Wednesday, July 30, 2014

Hospitals pay to use U.S. News 'Best Hospitals' logo

The same skepticism about motive applies to Health grades.Healthgrades They portray themselves as the ultimate arbiter of hospital and physician quality but they are just out to sell hospitals the right to proclaim themselves a Healthgrades champion and and to sell ad clicks on their physician rating pages, while providing out of date information from public databases.

Children's Mercy Hospitals and Clinics pays $42,000 a year to use the logo, 

No, hospitals do not pay to be ranked in the U.S. Best Hospitals annual ranking, But some organizations won't reveal how much they spend

U.S. News releases 2014-15 Best Hospitals rankings

This edition of RANKINGS marks the first time the publication assembled the list using a new methodology, according to U.S. News. Not only did the publication double the weight of patient safety in 12 specialties from 5 to 10 percent of the hospital's overall score, it reduced the weight of hospital reputation for those specialties from 32.5 to 27.5 percent.
U.S. News credits the methodology change to increased public reporting of "rigorously studied" hospital quality measures. A study released earlier this year criticized what it called U.S. News' out sized emphasis on hospital reputations in its previous methodology, noting a weak correlation between hospital prices and reputations, and patient outcomes.

The top 10 hospitals on this year's Honor Roll were:
  1. Mayo Clinic in Rochester, Minnesota
  2. Massachusetts General Hospital in Boston
  3. Johns Hopkins Hospital in Baltimore
  4. Cleveland Clinic
  5. UCLA Medical Center in Los Angeles
  6. New York-Presbyterian University Hospital of Columbia and Cornell in New York City
  7. Hospitals of the University of Pennsylvania-Penn Presbyterian in Philadelphia
  8. UCSF Medical Center in San Francisco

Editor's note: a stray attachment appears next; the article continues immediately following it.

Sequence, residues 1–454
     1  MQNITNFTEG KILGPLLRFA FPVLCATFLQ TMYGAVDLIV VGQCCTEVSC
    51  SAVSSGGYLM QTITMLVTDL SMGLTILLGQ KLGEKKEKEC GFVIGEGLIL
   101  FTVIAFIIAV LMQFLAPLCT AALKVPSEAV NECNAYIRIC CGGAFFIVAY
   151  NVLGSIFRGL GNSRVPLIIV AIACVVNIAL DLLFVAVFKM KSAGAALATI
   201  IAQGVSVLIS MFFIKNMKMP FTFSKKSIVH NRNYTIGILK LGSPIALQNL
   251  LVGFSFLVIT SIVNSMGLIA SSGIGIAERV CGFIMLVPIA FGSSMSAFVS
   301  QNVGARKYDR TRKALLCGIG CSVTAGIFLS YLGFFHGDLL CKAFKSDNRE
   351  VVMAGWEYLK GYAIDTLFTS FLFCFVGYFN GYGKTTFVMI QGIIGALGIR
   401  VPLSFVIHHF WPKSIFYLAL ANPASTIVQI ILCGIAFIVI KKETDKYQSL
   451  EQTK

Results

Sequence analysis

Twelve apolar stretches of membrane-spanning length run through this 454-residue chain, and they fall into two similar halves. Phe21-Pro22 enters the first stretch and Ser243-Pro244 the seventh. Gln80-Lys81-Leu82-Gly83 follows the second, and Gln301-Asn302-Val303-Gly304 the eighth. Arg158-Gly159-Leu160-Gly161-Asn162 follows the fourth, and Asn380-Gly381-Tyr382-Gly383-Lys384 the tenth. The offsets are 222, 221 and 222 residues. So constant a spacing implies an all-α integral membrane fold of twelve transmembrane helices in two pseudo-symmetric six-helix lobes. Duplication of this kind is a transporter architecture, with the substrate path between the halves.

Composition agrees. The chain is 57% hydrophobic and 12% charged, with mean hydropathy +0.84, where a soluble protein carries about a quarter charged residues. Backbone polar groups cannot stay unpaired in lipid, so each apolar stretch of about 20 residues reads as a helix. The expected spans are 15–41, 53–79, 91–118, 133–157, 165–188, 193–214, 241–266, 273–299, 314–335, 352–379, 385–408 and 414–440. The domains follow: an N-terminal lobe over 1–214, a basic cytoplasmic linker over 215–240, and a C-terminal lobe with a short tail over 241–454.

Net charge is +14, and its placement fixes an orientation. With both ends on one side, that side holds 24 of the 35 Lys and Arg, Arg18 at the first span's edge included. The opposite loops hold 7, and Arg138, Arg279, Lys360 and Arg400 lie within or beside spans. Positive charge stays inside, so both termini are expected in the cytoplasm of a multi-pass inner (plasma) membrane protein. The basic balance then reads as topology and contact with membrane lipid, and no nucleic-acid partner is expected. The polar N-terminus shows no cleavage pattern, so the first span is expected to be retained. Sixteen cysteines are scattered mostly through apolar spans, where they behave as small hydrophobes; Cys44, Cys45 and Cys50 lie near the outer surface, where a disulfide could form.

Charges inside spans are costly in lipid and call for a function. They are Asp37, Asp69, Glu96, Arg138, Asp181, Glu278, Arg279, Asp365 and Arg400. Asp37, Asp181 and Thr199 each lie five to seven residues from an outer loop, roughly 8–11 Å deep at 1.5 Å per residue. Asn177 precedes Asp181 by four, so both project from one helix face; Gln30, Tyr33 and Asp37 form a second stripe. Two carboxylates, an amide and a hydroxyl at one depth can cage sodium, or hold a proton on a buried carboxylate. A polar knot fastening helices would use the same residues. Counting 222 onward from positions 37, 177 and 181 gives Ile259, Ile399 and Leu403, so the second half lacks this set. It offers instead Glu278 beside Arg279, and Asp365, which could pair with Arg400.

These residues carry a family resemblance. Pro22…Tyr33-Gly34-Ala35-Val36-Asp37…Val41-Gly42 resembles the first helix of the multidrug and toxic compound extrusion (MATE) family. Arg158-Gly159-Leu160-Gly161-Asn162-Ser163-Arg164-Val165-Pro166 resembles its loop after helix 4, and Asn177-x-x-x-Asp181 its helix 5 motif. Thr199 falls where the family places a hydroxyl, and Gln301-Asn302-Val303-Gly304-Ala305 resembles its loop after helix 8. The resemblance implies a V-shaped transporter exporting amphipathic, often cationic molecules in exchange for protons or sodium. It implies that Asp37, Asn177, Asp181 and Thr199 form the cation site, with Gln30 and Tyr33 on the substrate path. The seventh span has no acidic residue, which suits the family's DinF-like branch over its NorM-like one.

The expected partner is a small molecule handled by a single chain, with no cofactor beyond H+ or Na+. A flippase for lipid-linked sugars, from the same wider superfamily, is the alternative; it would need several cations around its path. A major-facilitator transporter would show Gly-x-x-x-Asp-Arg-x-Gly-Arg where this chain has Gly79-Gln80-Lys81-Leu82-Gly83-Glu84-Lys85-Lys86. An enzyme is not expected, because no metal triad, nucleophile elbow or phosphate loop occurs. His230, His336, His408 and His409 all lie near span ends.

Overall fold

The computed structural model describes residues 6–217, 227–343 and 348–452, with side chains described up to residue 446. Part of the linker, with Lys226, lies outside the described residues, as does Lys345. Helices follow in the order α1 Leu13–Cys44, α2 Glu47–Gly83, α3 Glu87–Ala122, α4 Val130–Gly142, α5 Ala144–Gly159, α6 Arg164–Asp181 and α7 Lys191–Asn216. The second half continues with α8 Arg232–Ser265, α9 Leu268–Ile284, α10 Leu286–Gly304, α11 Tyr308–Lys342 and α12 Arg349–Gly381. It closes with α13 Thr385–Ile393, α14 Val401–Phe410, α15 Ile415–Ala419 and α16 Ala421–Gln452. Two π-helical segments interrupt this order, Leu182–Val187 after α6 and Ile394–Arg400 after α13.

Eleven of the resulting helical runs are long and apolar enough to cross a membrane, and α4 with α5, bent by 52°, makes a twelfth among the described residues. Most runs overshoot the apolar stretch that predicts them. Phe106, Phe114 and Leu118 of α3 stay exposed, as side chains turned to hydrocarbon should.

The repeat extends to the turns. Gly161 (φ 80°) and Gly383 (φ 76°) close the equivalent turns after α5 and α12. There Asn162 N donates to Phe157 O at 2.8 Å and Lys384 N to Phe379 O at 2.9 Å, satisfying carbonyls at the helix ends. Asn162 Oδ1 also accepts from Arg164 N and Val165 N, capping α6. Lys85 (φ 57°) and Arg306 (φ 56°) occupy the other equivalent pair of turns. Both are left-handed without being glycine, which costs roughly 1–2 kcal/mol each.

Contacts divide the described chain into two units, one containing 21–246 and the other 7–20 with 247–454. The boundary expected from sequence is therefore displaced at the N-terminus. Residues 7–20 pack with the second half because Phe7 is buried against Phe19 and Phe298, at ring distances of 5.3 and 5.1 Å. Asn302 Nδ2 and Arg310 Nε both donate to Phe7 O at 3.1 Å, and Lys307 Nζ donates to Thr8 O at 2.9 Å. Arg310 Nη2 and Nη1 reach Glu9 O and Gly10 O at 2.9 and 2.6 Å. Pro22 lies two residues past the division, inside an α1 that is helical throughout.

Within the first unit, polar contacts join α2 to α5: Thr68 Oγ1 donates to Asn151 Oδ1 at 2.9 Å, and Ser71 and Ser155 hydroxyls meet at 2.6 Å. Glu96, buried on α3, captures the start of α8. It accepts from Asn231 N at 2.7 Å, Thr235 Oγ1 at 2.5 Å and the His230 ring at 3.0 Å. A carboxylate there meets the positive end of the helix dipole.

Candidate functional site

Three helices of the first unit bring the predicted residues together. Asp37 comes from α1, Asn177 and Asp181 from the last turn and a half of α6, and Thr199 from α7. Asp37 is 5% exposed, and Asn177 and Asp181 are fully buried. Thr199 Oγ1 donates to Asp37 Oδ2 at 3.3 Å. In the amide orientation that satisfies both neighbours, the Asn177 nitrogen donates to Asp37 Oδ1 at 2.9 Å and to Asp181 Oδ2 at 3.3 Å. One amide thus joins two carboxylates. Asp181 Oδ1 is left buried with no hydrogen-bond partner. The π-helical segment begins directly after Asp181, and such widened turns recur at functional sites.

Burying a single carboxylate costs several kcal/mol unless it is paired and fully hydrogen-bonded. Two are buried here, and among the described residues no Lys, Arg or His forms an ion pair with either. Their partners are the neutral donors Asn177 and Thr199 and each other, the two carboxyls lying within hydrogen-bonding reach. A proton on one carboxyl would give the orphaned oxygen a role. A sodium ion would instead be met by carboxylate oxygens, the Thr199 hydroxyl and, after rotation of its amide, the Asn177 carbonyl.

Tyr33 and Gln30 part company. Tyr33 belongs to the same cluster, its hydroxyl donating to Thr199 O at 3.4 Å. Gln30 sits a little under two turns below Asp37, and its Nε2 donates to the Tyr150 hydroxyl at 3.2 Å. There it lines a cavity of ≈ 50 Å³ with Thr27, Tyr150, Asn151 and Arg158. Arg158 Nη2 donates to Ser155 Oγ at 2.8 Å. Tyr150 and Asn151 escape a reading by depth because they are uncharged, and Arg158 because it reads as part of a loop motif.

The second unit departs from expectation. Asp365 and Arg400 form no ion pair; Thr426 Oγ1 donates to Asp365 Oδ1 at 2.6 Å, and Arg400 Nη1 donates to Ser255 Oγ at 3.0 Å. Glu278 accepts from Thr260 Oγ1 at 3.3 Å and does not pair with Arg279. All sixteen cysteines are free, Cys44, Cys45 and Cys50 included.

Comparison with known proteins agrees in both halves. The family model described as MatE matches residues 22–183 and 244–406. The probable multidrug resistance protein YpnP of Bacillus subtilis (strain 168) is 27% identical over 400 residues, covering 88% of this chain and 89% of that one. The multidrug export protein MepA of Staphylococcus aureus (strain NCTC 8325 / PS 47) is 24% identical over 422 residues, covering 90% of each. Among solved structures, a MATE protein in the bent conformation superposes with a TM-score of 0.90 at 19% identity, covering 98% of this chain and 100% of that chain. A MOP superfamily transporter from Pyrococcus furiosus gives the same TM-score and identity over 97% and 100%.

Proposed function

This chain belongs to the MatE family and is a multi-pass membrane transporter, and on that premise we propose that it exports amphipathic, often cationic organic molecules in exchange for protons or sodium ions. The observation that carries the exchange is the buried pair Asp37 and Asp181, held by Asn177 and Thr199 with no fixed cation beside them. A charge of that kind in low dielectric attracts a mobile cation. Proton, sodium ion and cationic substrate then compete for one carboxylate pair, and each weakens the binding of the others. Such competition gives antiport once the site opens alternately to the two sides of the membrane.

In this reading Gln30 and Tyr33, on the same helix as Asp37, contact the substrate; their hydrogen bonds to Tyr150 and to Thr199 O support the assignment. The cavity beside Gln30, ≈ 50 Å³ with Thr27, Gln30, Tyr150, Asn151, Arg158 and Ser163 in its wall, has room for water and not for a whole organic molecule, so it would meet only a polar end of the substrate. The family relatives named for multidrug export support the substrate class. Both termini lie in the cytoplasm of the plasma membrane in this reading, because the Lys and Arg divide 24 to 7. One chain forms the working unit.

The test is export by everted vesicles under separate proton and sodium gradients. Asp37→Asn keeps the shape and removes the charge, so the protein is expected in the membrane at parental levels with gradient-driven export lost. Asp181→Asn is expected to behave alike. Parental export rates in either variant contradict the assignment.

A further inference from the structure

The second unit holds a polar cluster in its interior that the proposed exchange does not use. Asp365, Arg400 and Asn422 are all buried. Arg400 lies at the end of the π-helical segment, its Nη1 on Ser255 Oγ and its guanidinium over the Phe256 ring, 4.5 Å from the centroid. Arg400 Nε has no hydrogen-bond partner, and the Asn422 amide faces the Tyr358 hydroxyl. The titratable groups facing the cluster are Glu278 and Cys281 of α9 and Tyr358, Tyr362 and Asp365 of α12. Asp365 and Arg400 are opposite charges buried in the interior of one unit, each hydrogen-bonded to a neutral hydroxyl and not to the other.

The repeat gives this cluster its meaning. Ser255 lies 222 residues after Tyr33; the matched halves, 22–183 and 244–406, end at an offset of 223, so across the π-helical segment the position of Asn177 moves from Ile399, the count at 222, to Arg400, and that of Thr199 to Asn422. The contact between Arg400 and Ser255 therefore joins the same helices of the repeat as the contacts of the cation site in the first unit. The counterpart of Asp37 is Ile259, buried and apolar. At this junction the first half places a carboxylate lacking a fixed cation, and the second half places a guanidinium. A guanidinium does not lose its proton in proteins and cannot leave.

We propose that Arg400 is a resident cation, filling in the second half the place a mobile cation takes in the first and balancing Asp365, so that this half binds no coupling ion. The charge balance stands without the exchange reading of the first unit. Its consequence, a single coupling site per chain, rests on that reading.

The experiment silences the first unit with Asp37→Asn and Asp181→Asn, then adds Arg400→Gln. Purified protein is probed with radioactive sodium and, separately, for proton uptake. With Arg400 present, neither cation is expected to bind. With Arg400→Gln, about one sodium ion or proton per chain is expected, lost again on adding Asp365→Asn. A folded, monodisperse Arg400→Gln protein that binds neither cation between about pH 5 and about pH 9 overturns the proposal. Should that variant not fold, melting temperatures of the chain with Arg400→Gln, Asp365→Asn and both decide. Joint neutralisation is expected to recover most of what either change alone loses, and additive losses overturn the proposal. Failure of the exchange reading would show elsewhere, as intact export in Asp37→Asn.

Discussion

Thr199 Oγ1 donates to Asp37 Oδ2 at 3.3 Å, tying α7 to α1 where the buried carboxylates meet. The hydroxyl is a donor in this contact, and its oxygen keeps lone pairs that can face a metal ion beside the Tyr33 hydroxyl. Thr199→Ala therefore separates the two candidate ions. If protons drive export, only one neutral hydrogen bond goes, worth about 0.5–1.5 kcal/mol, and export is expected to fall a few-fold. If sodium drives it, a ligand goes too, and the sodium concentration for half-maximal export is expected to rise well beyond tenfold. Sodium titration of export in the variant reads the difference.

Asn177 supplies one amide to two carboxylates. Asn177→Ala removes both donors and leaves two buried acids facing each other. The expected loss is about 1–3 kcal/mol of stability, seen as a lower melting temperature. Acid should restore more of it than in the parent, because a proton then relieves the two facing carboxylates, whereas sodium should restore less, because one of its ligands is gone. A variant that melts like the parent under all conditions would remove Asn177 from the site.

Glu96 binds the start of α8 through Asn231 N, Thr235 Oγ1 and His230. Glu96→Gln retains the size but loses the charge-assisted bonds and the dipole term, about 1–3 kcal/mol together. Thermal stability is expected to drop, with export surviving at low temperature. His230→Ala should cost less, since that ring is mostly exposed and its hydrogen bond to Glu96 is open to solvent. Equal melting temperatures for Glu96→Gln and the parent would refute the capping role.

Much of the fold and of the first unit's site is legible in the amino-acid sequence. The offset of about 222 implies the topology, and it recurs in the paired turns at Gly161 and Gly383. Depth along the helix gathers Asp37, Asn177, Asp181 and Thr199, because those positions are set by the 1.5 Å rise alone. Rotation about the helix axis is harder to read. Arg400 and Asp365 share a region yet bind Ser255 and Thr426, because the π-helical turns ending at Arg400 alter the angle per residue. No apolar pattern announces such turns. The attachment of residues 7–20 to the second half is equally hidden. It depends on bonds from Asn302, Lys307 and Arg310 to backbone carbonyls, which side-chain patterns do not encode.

9. Brigham and Women's Hospital in Boston
  10. Northwestern Memorial Hospital in Chicago

Big name, expensive hospitals don't necessarily provide best care

Hospitals' reputations and prices have little bearing on their care quality, according to a new study published in Health Affairs.
For the study, researchers analyzed almost 25,000 insurance claims from current and retired autoworkers in 10 metropolitan areas: Cleveland; Detroit; Indianapolis; Kansas City; St. Louis; Flint, Mich.; Warren, Mich.; Toledo, Ohio; Youngstown, Ohio and Buffalo, N.Y. The workers visited 110 hospitals, divided into three categories:
  • Thirty "low-price" hospitals, where prices were at least 10 percent below average;
  • Fifty "medium-price" hospitals, which were not defined in the study; and 
  • Thirty "high-price" hospitals, where prices were 10 percent or more above average.
High-priced hospitals were twice the size of low-priced ones, and had three times their market share, according to the researchers, led by Chapin White of the RAND Corporation. The expensive hospitals were also much more likely to be included inU.S. News & World Report's national hospital rankings. Twenty-five percent of high-priced hospitals appeared in the U.S. News rankings, while none of the low-priced ones appeared on any of the publication's lists, according to the study


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